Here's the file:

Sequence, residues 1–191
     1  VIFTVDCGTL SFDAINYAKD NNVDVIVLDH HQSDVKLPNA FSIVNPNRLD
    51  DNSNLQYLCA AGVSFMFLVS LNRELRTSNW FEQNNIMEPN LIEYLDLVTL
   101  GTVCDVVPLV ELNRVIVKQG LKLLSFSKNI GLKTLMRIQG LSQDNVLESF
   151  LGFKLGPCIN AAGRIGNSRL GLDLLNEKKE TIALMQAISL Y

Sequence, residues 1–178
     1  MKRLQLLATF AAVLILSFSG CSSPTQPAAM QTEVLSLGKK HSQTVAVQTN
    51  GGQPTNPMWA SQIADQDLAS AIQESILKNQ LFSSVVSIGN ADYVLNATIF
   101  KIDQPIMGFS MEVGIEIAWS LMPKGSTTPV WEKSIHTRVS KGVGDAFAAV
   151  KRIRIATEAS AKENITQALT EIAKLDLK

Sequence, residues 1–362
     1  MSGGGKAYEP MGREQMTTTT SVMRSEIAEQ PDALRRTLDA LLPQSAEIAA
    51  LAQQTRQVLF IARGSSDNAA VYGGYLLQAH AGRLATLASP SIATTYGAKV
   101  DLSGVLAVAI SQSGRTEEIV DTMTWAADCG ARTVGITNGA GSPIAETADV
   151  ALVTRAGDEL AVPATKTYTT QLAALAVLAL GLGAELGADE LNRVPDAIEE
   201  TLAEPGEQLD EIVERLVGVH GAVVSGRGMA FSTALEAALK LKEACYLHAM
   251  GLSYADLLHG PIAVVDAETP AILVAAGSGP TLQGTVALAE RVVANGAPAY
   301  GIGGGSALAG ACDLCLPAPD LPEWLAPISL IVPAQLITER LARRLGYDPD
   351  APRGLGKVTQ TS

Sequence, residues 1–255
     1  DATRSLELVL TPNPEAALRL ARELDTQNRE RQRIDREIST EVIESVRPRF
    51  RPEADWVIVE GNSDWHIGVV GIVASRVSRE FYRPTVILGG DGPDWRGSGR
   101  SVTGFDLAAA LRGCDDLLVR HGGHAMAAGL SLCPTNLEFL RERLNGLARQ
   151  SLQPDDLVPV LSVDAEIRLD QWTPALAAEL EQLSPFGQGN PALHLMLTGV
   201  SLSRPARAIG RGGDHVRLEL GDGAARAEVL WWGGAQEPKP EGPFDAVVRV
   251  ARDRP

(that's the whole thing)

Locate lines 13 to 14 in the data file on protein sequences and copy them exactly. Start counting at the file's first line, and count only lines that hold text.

    51  LAQQTRQVLF IARGSSDNAA VYGGYLLQAH AGRLATLASP SIATTYGAKV
   101  DLSGVLAVAI SQSGRTEEIV DTMTWAADCG ARTVGITNGA GSPIAETADV